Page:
James 3 verse 1 (ESV) "Not many of you should become teachers, my brothers, for you know that we who teach will be judged with greater strictness"
Wow – isn't this a powerful passage? We have all encountered teachers who have been inspirational and sometimes have changed our lives; and also some who might have been suited to a different profession!
Exceptional science teachers rewarded
Two inspirational teachers have recently been "judged strictly" and awarded the Prime Minister's prize for science teaching in Primary and Secondary schools.
Brian Schiller of Seacliff Primary School in Adelaide uses science as a basis for teaching a wide range of topics throughout the curriculum, including language, music, literacy, and of course numeracy. He gives his students ways of learning where they can be active, and they thus become motivated to learn more – then they have to write about their discoveries. He encourages them to use their imagination and ask "why" - not just look for a standard "correct" answer to their problem.
Geoff McNamara from Melrose High School in Canberra has a lab full of interactive displays relating to the real world – all constructed by the students, sometimes with the help of one of the 80 visiting scientists he has "on his books". Wherever the students look, they are learning something about science in the real world. He also has a mentoring program for talented students to undertake individual projects.
I am sure these teachers follow the KISS (Keep It Short and Simple) principle when they start a new topic, to engage the students' curiosity before delving into more complex ideas and concepts, then encouraging the students to do their own research.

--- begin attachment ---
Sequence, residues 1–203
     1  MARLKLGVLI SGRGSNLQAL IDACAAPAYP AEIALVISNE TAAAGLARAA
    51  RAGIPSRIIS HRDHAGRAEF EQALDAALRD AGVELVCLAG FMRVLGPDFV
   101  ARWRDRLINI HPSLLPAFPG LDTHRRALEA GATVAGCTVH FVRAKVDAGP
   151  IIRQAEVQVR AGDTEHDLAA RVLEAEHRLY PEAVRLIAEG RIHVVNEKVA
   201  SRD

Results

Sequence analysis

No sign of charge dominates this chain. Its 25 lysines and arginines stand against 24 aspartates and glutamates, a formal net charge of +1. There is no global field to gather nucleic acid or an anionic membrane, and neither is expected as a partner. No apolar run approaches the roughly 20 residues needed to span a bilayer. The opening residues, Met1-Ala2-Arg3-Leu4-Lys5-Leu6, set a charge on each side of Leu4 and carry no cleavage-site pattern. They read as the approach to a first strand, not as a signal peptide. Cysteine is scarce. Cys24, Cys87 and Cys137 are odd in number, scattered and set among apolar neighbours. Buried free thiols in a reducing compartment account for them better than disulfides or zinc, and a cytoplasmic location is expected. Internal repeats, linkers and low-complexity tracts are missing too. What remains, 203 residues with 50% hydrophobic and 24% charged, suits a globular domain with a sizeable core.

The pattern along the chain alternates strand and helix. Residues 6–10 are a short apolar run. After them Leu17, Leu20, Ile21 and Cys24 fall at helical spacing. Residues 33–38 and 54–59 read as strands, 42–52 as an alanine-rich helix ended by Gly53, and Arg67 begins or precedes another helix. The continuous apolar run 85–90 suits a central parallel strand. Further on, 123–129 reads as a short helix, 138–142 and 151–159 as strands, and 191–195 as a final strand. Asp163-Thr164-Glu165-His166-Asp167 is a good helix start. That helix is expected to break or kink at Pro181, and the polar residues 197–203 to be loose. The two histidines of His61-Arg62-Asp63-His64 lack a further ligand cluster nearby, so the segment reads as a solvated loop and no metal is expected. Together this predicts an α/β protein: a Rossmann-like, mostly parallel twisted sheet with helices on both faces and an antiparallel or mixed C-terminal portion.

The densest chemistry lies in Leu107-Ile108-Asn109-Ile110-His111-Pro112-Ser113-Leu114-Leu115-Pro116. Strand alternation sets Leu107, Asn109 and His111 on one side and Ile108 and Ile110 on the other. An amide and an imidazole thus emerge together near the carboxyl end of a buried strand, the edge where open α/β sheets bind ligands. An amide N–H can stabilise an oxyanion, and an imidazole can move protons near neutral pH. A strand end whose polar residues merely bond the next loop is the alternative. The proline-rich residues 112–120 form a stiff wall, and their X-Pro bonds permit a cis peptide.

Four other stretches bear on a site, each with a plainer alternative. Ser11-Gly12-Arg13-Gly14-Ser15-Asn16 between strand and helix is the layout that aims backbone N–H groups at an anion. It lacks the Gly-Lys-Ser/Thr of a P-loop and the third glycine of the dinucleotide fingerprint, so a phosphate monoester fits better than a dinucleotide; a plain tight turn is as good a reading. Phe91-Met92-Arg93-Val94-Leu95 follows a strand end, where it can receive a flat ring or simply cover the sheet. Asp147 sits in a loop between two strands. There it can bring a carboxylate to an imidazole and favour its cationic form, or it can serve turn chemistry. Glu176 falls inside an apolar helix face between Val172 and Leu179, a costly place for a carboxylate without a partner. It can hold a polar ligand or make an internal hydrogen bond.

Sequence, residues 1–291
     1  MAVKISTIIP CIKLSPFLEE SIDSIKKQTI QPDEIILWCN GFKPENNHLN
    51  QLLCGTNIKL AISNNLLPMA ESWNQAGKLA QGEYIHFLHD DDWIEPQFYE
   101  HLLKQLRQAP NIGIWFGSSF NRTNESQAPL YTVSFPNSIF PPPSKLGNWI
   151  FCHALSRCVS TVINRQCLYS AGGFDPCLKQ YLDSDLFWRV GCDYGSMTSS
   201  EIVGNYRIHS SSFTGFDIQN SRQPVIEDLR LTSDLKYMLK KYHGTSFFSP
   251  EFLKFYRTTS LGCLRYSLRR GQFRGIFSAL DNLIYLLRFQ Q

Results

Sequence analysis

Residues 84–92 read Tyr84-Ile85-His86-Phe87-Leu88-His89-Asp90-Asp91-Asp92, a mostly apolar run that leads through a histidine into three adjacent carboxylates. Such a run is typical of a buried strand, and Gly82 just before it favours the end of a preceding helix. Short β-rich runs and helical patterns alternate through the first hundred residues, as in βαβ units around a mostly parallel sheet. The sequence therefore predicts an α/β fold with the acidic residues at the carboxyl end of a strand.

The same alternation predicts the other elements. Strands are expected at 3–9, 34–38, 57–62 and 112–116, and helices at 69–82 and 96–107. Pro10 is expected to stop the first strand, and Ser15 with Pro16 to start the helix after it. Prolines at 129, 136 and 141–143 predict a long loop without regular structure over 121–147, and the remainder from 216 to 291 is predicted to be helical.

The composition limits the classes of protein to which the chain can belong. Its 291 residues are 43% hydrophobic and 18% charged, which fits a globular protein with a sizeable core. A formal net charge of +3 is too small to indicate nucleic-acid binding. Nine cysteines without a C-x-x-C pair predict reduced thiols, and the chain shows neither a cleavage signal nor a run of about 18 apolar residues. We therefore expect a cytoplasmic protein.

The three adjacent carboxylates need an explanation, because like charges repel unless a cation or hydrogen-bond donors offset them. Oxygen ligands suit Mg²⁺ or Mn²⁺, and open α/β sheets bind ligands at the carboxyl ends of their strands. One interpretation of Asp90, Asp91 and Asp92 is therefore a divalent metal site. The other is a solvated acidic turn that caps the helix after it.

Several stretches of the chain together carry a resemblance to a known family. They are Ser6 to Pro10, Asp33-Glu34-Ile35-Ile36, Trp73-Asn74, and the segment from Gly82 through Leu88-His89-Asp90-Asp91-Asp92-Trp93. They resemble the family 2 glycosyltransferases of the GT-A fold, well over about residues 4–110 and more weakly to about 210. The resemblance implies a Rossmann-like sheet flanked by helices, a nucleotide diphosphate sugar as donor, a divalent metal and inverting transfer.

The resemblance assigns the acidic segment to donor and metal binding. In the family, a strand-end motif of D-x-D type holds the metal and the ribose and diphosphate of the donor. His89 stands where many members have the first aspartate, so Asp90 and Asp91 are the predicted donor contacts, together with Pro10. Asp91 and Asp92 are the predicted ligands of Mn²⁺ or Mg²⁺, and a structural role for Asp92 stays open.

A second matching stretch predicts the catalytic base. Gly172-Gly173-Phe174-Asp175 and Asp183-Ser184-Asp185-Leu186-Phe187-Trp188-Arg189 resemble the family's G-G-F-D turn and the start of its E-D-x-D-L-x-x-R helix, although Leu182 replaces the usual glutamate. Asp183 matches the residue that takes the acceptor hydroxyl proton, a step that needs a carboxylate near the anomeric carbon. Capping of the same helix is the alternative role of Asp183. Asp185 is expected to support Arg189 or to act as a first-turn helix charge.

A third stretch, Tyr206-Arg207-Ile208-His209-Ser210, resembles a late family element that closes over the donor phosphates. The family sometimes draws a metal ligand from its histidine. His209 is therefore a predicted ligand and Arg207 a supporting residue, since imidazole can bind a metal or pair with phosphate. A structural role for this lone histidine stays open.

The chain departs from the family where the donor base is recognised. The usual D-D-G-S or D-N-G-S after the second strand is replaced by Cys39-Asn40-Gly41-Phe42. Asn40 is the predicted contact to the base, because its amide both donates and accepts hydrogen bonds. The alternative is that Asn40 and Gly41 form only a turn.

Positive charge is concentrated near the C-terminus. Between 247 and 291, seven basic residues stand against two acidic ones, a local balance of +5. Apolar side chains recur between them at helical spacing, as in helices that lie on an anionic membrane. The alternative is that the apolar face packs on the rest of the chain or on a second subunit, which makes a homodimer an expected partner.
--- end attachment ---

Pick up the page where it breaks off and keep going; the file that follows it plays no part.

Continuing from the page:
When we are writing about scientific or technological concepts for a non-scientific audience, this is a particularly important idea. In many cases, the intricate details do not need to be spelt out in rigorous scientific terminology after all, if we get the message across in Plain English or with the use of a diagram or good analogy.
Professor Brian Cox (OBE), is exemplary in being able to explain complicated ideas simply; he is so entertaining that he has become a remarkably successful science communications superstar. He aims to make science part of normal social conversation – without dumbing down the concepts. On his recent Australian tour, tickets for his shows were as scarce as those for pop concerts – in fact, he even made a science presentation in conjunction with music played by the Queensland Symphony Orchestra
Knowing a bit about how the brain works
Understanding more about how the brain works can perhaps help us to emulate Brian more closely, and to communicate more effectively with non-specialist readers.
Australian researcher, Dr Cordelia Fine, dispels the myth that boys' and girls' brains learn differently. She says: "In the majority of cases, the differences between the sexes are either non-existent or they are so small so as to be of no practical importance in, for example, an educational setting."
Her research helps us realise that, in imagining our readers, we should assume our topic to be of interest to "anyone" whose interest we can spark with our careful explanations – we should not try to write articles for one gender or the other.
On a completely different tack, an American research team has shown that brain cells (neurons) use less energy when the person (or animal) is performing a familiar task, than if they are learning a new task. The researchers postulate that the brain becomes more efficient after a task has been well-learnt.